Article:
But the government of this U.S. territory of 3.6 million people insists the animals died of natural causes and is urging residents not to fall into mass hysteria over local media reports.
The beast, known in Spanish as "Chupacabras" or Goat Sucker, is blamed in the deaths of dozens of turkeys, rabbits, goats, cats, dogs and even horses and cows, according to police.
"People here are frightened," said Mayor Jose Soto of Canovanas, a city of 40,000 people near San Juan. "It sucks the blood from dogs, cats and horses. It opens the skin of rabbits and goats and steals their organs."
Goat Sucker attacks are reported daily on morning news radio reports and in El Vocero, the island's largest circulation newspaper, which is known for its gruesome crime photos,
blood-red headlines and tales of UFO landings.
In the latest report of a Goat Sucker attack, the beast was said to rip open the bedroom window of a house in the north-central city of Caguas, destroy a stuffed teddy bear, and leave a puddle of slime and a piece of rancid white meat on the window sill.
The home owner, Santa Ramos Reyes, told police the Goat Sucker had hairy arms and huge red eyes. According to El Vocero, Caguas police dusted the window sill for prints but could not get an impression.
In another attack in Caguas, the Goat Sucker purportedly swooped into a junkyard early one morning and killed five sheep, four geese and a turkey. "It came about seven o'clock in the morning," Junker Correa employee Carlos de Jesus told Reuters. "It just showed up and -- poof -- it vanished."
In Canovanas, the Goat Sucker has struck 35 times in the past three months, Mayor Soto claimed. Every Sunday afternoon, the mayor dons military-style fatigues and leads a patrol of Canovanas residents on a hunt for the Goat Sucker. "This is a very serious problem," the mayor said. "We must catch this beast."
Police have declined to participate in the hunt, but do investigate each reported animal slaying. "As soon as the beast attacks a person, we will get involved," said a Canovanas police spokeswoman.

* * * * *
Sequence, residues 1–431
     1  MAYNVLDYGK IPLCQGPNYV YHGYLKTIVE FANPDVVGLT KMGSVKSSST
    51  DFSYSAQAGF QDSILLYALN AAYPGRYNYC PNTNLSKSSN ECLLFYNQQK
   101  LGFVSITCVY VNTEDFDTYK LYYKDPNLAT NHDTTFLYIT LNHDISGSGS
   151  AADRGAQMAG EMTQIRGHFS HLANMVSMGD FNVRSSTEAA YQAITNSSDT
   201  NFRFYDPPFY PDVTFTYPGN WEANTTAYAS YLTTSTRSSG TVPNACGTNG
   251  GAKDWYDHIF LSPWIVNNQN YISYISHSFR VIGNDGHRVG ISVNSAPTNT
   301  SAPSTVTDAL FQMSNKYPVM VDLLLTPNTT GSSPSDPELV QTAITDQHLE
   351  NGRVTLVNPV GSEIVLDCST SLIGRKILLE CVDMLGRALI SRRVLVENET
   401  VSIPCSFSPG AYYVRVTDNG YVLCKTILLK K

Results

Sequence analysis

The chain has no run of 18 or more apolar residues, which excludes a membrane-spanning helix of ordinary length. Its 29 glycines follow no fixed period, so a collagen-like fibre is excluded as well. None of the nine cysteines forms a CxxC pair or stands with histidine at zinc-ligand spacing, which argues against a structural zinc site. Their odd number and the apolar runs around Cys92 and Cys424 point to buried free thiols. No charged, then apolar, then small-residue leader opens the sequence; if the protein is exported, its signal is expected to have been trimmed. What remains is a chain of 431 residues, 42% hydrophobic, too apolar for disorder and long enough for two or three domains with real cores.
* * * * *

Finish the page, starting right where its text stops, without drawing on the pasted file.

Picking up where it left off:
Skeptics blame the attacks on wild monkeys. A colony of aggressive monkeys has been attacking livestock and raiding crops for years in Puerto Rico. But Mayor Soto doesn't buy that explanation. "Monkeys don't suck blood. They don't steal organs," Soto said.
The Puerto Rico Agriculture Department dispatched a veterinarian to investigate, then announced that the animals had all died under normal circumstances. Further, none of the animals had been bled dry, agriculture department officials said in a statement released to the media.
"Citizens are urged to not fall into collective hysteria... about the alleged Goat Sucker," the statement said.
Canovanas resident Jose Resto said he saw the Goat Sucker one afternoon in his back yard when it came out of the brush and attacked and bit the family dog. "I think it belongs to the monkey family, but it isn't a monkey exactly," Resto said. "It ran like a monkey and was about four feet tall, but it didn't have a tail."
Interest in the purported sightings of the beast is so high that a major San Juan television station, WKAQ-TV, planned to broadcast an hour-long news program about the Goat Sucker.
Original file name: .CNI - Goat Sucker in PR?
This file was converted with TextToHTML - (c) Logic n.v.